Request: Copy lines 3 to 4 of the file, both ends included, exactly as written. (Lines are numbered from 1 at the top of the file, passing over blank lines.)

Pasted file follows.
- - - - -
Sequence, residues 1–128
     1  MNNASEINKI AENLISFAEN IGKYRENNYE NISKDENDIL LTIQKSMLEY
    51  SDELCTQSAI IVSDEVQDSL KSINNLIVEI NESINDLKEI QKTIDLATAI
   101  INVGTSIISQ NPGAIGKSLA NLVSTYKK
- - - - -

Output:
    51  SDELCTQSAI IVSDEVQDSL KSINNLIVEI NESINDLKEI QKTIDLATAI
   101  INVGTSIISQ NPGAIGKSLA NLVSTYKK